Research Article Open Access

Mathematical Model Predicting the Critical Heat Flux of Nuclear Reactors

Chien-Hsiung Lee1, Lih-Wu Hourng2 and Kuo-Wei Lin3
  • 1 , Taiwan
  • 2 National Central University, Taiwan
  • 3 Hsuan Chuang University, Taiwan
Journal of Computer Science
Volume 8 No. 12, 2012, 1996-2007

DOI: https://doi.org/10.3844/jcssp.2012.1996.2007

Submitted On: 8 June 2012 Published On: 12 December 2012

How to Cite: Lee, C., Hourng, L. & Lin, K. (2012). Mathematical Model Predicting the Critical Heat Flux of Nuclear Reactors. Journal of Computer Science, 8(12), 1996-2007. https://doi.org/10.3844/jcssp.2012.1996.2007

Abstract

Boiling heat transfer system keeps a nuclear power plant safe without getting over-heated. Crisis will occur if the dissipated heat flux exceeds the critical heat flux value. This study assumes the flow boiling system at high heat flux is characterized by the existence of a very thin liquid layer, known as the "sublayer", which is trapped between the heated surface and the vapor blankets. In the present study, it is hypothesized that the heat transfer through the liquid sublayer is dominated by the heat conduction and the sublayer is dried out due to occurrence of Helmholtz instability as the relative velocity of the vapor blanket to the local liquid in the sublayer reaches a critical value. By recognizing this hypothesis, a theoretical model for low-quality flow is developed to predict boiling heat transfer and Critical Heat Flux (CHF). To verify the validity of the present model, the predictions are compared with the experimental data of flow boiling heat transfer in the simulation of Pressurized Water Reactor (PWR) and Boiling Water Reactor (BWR) conditions. For the PWR low-quality flow, the comparison demonstrates that the Helmholtz instability is the trigger condition for the onset of CHF.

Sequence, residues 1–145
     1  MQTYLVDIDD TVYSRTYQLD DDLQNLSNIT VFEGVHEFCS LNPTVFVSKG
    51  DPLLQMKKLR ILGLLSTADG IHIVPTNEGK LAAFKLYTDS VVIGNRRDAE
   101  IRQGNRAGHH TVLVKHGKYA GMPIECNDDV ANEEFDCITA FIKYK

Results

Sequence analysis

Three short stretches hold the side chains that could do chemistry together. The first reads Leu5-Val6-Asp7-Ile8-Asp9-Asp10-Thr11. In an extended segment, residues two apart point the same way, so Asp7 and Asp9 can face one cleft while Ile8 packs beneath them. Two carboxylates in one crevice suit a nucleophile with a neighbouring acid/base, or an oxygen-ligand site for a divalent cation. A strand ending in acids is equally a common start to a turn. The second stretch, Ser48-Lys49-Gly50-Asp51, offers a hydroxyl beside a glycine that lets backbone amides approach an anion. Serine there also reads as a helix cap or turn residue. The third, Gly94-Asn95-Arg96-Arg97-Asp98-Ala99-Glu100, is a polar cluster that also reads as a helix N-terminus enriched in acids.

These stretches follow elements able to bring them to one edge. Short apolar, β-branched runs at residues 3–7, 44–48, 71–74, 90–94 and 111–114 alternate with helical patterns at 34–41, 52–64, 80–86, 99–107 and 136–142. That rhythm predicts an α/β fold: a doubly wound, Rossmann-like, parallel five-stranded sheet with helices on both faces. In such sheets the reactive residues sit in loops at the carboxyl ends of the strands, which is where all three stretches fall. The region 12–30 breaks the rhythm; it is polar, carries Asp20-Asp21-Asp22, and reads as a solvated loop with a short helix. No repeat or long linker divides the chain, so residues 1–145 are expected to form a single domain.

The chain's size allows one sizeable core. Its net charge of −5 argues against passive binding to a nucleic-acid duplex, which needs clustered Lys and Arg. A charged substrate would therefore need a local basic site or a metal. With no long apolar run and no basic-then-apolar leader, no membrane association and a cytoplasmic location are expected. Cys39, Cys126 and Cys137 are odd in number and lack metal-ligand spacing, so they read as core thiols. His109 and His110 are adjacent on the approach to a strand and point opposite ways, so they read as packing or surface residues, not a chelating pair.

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Keywords

  • Nuclear Crisis
  • Critical Heat Flux (CHF)
  • Helmholtz Instability
  • Boiling Heat Transfer
  • Boiling Water Reactor (BWR)
  • Pressurized Water Reactor (PWR)
  • Relative Velocity